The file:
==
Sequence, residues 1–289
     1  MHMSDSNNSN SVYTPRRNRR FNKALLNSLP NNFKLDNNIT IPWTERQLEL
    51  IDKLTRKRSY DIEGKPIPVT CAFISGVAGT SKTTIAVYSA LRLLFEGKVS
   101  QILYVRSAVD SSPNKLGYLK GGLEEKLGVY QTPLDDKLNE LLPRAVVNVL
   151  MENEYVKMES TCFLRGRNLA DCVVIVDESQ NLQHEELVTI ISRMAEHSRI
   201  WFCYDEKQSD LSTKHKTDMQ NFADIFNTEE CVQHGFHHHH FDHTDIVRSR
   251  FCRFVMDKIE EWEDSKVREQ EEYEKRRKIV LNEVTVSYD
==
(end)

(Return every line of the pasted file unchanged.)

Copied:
Sequence, residues 1–289
     1  MHMSDSNNSN SVYTPRRNRR FNKALLNSLP NNFKLDNNIT IPWTERQLEL
    51  IDKLTRKRSY DIEGKPIPVT CAFISGVAGT SKTTIAVYSA LRLLFEGKVS
   101  QILYVRSAVD SSPNKLGYLK GGLEEKLGVY QTPLDDKLNE LLPRAVVNVL
   151  MENEYVKMES TCFLRGRNLA DCVVIVDESQ NLQHEELVTI ISRMAEHSRI
   201  WFCYDEKQSD LSTKHKTDMQ NFADIFNTEE CVQHGFHHHH FDHTDIVRSR
   251  FCRFVMDKIE EWEDSKVREQ EEYEKRRKIV LNEVTVSYD